“Before heading off to the UK, I thought it could be the end of my career. I believed this trip would determine whether I should stop or continue. I feared that the English-speaking audience might even feel offended, as I sometimes felt I was messing with their language. I imagined my absurd play would conclude with poor interaction and possibly some sympathy for the effort of having flown all the way to England to perform. My biggest concern was whether my poems would make sense in English to people in the UK. But on the other hand, I personally believed that those poems were powerful because I saw them radiating with stark rays and the pain of people”

Alright Love Migration Matters Festival 20.6.

On June 20th, I arrived in Sheffield, the city of sanctuary, accompanied by my mentor, the poet Andy Willoughby. We walked out of the station, trying to find our hotel, which didn’t seem far from the railway station. The Nottingham experience had been unprecedented, placing a bigger responsibility on me because I already knew my poetry made sense. In Nottingham, I had thought that the people who came to listen to poetry at the Playhouse Theatre might not be a typical poetry audience. However, in Sheffield, the situation felt more intimidating, knowing that people would buy tickets specifically to listen to poetry, indicating that they were a genuine poetry audience!

Andy has a long-standing relationship with Sheffield, dating back three decades to when he attended the University of Sheffield for his master’s degree. For Andy, Sheffield is a city of new horizons. It was here that he met his first Finnish contact at the Leadmill, leading to a lasting friendship and numerous opportunities in Finland. Twenty years later, we met and began a long-term collaboration on my writings during my refugeehood, resulting in the publication of three poetry books in English. It felt surreal that I was going to perform at the same venue. Without the Leadmill, Andy wouldn’t have connected with Finland, and I wouldn’t have met him. Perhaps I wouldn’t have developed my career or gained the courage to write in English.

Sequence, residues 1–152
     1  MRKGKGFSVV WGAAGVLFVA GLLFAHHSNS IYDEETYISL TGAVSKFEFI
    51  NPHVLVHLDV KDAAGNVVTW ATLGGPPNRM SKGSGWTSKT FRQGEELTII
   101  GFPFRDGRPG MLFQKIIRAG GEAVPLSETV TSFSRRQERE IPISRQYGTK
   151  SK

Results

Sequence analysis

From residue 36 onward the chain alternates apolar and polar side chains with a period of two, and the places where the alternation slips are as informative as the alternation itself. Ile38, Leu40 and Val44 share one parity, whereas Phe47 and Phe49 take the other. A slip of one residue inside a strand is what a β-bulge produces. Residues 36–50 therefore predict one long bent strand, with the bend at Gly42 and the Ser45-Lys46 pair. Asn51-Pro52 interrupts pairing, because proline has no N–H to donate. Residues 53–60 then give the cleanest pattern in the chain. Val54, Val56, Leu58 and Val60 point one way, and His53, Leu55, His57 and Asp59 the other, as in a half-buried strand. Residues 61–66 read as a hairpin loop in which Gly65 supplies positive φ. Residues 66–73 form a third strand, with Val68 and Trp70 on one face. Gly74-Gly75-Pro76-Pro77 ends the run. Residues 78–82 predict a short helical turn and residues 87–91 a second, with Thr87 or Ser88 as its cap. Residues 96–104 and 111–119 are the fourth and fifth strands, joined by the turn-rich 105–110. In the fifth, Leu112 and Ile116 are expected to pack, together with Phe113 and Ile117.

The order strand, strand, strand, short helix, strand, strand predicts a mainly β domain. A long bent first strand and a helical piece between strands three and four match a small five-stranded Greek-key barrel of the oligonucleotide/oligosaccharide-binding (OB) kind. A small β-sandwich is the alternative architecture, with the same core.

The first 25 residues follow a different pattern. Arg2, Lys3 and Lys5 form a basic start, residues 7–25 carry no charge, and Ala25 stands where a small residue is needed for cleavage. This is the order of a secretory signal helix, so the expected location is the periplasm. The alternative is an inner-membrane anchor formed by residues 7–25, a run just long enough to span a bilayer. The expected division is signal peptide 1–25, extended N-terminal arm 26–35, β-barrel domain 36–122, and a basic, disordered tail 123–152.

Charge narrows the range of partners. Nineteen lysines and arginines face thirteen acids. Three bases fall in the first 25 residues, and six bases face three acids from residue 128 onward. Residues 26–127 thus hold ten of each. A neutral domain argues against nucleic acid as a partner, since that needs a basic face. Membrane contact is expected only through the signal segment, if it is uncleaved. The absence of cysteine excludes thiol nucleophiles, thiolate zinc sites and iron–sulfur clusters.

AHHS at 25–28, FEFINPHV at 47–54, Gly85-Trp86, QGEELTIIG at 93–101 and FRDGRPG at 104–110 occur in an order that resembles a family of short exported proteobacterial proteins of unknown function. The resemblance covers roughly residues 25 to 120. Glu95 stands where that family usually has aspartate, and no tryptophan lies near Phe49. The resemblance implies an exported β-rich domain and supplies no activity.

You might wonder why I want to write about this. First, I feel the need to highlight our collaboration, which began with friendship before career. This friendship established a common ground of trust, allowing our partnership to thrive and grow into multiple projects, exceeding our expectations and opening new opportunities.

As we headed off the station, we saw the Leadmill prominently standing, awaiting our return in the evening for our show. I would share the stage with Roger Robinson, a T.S. Eliot Prize-winning poet, the highest poetry prize in the UK! I felt desperate to be perfect. With a huge audience, there was no room for mistakes, stress, or anxiety. Imagine being anxious about not being anxious and stressed about not making even a tiny mistake.

Once we entered the Leadmill, we were escorted backstage to a room to rehearse. After completing the sound-check, we headed to our room. I had about 15 minutes to perform. I went through my manuscript multiple times, with Andy listening and advising me to emphasise certain parts, not rush lines, repeat unclear lines, pause, be delicate with some words and stout with others. “You’re gonna smash it, Ahmed!” It felt like he was a football coach before a final. We all waited for the referee to declare the start!

The host from the BBC approached me and asked, “Is it okay for you to be the first one on the stage?”